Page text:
All of the FA Limiteds excel in this aspect of lens performance, which I regard as more valuable than pure sharpness and resolution. (And realistically, both of the lenses under discussion have ample sharpness.) I have no idea how the Sigma 85/1.4 stacks up in terms of producing lifelike, three dimensional images. It may be fine, but the FA77 Limited sets the bar very high.

Rob

Well said and I agree whole-heartedly! This is why I have decided that having the 77 means not needing the 85. I know there may be things that the 85 does better, but the 77 is so good at what I use it for, that buying a similar lens is madness. After all, one of the big perks of being a Pentaxian is that we get to use lenses like the 77...and the 31... and the 43...and...(insert your favorites here).
05-03-2011, 08:53 AM   #42
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QuoteOriginally posted by robgo2 Quote
I do not believe in pixies or in magical dust, but I do believe that different lenses render differently. Much of this discussion has centered on the transition from sharp to out of focus areas and on the quality of bokeh. These factors are important, but they do not tell the whole story. At least as important is what some call microcontrast, which really refers to the transmission by the lens of the most subtle variations in tone and color. This, more than anything else, is what creates a lifelike quality of three dimensionality: Solid objects appear solid and have an aura of space around them.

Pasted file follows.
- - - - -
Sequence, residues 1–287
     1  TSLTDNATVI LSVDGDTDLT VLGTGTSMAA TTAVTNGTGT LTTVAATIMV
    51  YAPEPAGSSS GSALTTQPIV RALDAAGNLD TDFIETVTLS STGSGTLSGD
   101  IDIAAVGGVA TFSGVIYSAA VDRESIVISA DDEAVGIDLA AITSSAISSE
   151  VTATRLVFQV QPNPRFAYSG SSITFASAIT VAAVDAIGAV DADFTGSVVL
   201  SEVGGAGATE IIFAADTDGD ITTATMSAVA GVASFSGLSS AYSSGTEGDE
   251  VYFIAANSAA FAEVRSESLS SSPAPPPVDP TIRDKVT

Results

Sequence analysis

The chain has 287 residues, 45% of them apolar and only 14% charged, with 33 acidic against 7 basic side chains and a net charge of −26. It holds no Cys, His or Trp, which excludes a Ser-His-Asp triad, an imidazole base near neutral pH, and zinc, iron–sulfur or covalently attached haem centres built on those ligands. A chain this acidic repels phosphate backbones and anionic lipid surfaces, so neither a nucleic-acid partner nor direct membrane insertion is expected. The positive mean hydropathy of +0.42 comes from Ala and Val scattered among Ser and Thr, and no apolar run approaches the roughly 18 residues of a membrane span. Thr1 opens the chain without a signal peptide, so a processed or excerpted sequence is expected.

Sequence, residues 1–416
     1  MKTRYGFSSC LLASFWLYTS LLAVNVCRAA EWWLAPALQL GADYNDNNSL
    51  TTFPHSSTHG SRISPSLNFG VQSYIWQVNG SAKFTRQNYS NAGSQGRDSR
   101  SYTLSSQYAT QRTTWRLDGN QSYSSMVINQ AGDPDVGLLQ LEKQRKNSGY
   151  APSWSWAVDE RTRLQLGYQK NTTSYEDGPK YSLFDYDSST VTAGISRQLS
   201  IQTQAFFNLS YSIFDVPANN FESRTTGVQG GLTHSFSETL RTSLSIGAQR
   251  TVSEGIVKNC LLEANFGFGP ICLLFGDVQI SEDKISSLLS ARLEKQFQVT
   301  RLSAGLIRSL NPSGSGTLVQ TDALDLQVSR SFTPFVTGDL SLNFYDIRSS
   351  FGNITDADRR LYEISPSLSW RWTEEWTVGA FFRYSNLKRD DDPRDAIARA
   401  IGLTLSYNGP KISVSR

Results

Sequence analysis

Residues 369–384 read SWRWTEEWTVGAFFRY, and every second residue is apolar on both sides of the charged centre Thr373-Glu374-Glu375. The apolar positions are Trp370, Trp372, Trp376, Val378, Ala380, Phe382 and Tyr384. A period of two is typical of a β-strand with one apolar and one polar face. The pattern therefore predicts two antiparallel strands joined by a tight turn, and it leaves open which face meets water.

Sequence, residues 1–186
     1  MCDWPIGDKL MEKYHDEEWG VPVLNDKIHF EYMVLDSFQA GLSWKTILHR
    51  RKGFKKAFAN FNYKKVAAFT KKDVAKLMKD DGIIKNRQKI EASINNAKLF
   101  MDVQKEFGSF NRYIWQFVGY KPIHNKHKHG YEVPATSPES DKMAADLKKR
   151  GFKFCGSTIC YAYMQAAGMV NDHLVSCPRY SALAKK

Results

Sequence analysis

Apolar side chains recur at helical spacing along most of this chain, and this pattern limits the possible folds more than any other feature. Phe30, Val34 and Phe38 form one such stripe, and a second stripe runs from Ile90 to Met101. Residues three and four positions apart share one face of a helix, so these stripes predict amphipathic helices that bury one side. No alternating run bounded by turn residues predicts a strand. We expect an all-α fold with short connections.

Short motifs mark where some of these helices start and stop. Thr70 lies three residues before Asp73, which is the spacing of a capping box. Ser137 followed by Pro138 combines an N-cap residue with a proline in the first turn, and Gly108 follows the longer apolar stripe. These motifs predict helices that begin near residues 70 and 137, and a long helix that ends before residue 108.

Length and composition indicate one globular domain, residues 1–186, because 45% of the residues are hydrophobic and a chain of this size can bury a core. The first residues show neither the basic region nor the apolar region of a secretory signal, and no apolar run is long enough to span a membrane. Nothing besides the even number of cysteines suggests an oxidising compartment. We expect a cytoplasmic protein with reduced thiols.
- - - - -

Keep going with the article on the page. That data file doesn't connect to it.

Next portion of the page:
All of the FA Limiteds excel in this aspect of lens performance, which I regard as more valuable than pure sharpness. (And realistically, both of the lenses under discussion have ample sharpness.) I have no idea how the Sigma 85/1.4 stacks up in terms of producing lifelike, three dimensional images. It may be fine, but the FA77 Limited sets the bar very high.